The test ahead

The June 2005 Abbas-Sharon summit took place after several delays and with much prodding from Washington. Yet the summit had an air of deja vu, eliciting only limited interest in the media and having little significance.

Since the beginning of the Oslo process in 1993 many similar summits have been held, with identical dynamics. Again and again, exasperated Israelis have demanded that the Palestinians meet their obligations, particularly in combating terror, in order to be able to proceed with the peace process. The Palestinians, in turn, have told their interlocutors that the Palestinian Authority (PA) was too weak to confront Hamas and Islamic Jihad. The Palestinians have always demanded Israeli concessions to be able to show the people that the PA can deliver, thereby gaining strength to put their house in order. The Israelis have usually responded with a few gestures of debatable significance, which have been invariably termed by the PA as insufficient, thereby enabling the latter to ignore its security obligations.

The recent Abbas-Sharon meeting was no different than numerous previous summits between Israeli and Palestinian leaders. Prime Minister Ariel Sharon upbraided the Palestinian side for the increase in terrorist incidents despite the Palestinian ceasefire, and stated the obvious–that it is in the Palestinian interest to dismantle militias and put an end to the lack of law and order. As expected, President Mahmoud Abbas responded that the PA is weak, and suggested to Israel several courses of action to strengthen him and the fledgling PA. Israel is likely to accept some of the suggestions in order to avoid being blamed for the collapse of the Abbas regime, and will in all likelihood continue to complain.

Over the years, the Palestinians have perfected the nebech (weakling) strategy. In a world of power politics, Palestinian self-declared weakness elicited during the last decade remarkable results: Israeli territorial concessions and generous humanitarian assistance, tremendous international sympathy, many billions of dollars in foreign assistance to the PA, as well as a flow of NGO money to the Palestinian-ruled territories. In addition, most of the western world was willing to turn a blind eye to the emergence of an incredibly corrupt, authoritarian and inept Palestinian regime.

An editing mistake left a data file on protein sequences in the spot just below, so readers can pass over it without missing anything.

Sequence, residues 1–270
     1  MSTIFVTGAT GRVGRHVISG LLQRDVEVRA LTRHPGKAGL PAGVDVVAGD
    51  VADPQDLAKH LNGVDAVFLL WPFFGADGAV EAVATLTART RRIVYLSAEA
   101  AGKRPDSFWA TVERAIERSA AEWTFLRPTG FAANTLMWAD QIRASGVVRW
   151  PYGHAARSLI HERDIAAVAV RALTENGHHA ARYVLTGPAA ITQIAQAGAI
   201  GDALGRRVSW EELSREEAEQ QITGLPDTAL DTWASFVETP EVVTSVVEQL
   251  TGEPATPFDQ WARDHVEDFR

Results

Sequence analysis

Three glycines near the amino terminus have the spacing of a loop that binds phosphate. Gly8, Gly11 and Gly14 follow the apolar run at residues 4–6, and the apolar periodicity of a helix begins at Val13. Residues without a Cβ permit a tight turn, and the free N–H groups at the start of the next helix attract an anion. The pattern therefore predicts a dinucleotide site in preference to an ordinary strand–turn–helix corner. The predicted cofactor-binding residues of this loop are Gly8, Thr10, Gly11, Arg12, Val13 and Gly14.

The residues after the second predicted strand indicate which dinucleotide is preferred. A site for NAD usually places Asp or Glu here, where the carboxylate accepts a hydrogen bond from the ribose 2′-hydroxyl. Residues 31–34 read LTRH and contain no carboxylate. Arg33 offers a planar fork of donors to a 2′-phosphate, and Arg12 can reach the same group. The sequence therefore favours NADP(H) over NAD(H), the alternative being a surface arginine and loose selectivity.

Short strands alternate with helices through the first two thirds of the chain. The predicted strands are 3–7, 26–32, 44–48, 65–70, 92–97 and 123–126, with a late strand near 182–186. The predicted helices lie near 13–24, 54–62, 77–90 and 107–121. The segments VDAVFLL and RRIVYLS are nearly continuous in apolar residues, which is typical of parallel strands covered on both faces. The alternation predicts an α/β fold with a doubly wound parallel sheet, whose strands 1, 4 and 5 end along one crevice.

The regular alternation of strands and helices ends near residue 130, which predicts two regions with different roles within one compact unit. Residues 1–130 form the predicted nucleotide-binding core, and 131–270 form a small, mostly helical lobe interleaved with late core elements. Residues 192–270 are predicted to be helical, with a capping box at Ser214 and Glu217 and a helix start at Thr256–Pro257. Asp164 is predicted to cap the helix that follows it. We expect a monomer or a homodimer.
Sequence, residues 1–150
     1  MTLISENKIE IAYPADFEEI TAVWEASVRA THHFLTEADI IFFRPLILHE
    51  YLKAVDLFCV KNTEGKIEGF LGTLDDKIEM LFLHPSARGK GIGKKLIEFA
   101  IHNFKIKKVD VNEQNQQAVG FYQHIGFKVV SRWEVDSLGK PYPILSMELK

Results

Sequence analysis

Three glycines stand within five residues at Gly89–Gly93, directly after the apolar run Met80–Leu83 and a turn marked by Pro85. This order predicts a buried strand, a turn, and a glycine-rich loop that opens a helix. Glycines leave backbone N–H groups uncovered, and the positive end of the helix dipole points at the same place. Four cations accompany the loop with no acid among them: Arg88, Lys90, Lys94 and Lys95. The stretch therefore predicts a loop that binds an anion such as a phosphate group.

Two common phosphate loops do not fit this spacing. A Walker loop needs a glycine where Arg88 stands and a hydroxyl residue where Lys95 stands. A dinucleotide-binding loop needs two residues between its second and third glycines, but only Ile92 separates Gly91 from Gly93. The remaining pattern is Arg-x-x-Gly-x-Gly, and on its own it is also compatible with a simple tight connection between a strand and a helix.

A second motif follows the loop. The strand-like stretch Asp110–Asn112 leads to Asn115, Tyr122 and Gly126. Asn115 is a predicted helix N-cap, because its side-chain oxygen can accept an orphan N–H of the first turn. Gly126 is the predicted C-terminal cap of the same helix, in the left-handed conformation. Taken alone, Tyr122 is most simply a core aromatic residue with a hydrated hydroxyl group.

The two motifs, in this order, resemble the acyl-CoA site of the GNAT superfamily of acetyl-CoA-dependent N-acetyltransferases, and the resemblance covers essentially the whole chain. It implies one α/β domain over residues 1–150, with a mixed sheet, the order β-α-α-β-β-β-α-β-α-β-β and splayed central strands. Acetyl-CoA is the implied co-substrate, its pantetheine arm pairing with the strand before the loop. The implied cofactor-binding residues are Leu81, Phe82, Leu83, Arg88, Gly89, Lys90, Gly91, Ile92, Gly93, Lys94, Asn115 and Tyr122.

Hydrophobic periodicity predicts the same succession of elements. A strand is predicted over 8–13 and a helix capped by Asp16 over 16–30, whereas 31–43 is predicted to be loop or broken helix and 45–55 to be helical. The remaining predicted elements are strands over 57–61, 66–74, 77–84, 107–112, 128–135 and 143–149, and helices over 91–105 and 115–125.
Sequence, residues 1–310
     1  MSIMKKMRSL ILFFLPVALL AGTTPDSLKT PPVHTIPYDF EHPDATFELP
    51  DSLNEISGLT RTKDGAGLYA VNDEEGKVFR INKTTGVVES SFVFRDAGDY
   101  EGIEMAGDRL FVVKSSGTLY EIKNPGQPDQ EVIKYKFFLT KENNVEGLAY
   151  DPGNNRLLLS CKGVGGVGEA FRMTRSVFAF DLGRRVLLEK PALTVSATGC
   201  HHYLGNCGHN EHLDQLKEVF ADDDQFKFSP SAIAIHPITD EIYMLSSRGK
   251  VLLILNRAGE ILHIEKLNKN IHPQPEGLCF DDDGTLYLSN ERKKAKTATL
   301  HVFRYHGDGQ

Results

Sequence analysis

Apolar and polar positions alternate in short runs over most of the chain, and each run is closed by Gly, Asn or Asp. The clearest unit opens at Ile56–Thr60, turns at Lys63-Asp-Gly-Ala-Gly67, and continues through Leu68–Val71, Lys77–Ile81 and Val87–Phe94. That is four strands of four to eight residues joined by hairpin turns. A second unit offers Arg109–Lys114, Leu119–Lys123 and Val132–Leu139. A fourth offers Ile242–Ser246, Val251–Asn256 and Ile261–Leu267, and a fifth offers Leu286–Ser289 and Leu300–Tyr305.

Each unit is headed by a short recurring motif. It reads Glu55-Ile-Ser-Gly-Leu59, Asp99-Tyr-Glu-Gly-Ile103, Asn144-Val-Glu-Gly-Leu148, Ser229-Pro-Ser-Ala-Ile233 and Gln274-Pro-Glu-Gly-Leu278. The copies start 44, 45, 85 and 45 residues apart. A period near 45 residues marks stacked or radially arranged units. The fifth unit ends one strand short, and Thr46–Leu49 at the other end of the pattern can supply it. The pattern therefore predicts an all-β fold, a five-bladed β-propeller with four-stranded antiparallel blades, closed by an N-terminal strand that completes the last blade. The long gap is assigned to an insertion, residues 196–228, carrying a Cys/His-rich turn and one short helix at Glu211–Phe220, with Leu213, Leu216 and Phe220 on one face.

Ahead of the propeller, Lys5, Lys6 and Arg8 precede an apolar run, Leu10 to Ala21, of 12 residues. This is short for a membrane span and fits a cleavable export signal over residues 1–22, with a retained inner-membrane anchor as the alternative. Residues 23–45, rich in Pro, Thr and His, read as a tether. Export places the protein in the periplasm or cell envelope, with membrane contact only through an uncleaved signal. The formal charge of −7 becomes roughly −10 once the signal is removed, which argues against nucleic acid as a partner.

That regime was unwilling to exert its internal security forces (one of the highest ration of police personnel per capita in the world) to establish a monopoly over the use of force. This caused the PA to descend into anarchy, and facilitated relentless terror against Israelis. A corollary result of the PA failures was the ascendance of Hamas in Palestinian politics, which was moderated only by the influx of external support to prevent the collapse of the Palestinian economy.

Only the degeneration of the Arafat regime, and the events of 9/11 that rendered terrorism less acceptable, placed question marks on the Palestinian enterprise and its strategy of ineptitude. The PA had a chance to change its course of action when Arafat died and Abbas became his successor. But the nebech strategy was not abandoned.

Yet the recent summit may well signal that this strategy is losing some of its usefulness. In 2005, Israelis, Americans, and even other important members of the international community are less inclined to be impressed by Palestinian powerlessness. At least for a while, the Palestinian ability to perform has become particularly important for moving ahead in the peace process, due to the impending Israeli withdrawal from Gaza. The goal of the summit was to enhance limited cooperation between the two sides on disengagement.

US Secretary of State Condoleezza Rice came to the region to impress upon the Palestinians the need for a peaceful and orderly withdrawal from Gaza, and to push for coordination between the protagonists. The US is busy with Iraq and is concerned about the emergence of a nuclear Iran. Washington’s energies may suffice to deal also with Syria, but it has little desire to deal with the Israeli-Palestinian arena. The Egyptians are also involved in ensuring a smooth withdrawal. They are helping the PA primarily in order to prevent the possibility of Hamas taking over Gaza, on their border.

It is clear to all that the test of Abbas’ leadership and even of the future of the PA is the transfer of power in the Gaza Strip. In August the PA will acquire a piece of land, witness the dismantling of Israeli settlements, and take full control over Gaza. It will not have to give anything in return, apart from the expectation that Israel be allowed to complete the withdrawal without being harassed by Palestinian militias. Anything less than a clear demonstration that the PA’s forces are in control, by preventing looting and terrorist attacks, will be deemed a failure on the part of Abbas and the Palestinian political system.

Abbas runs out of maneuvering time on August 15, the day Israel starts disengagement. It remains to be seen whether the Palestinians will pass the test that lies ahead.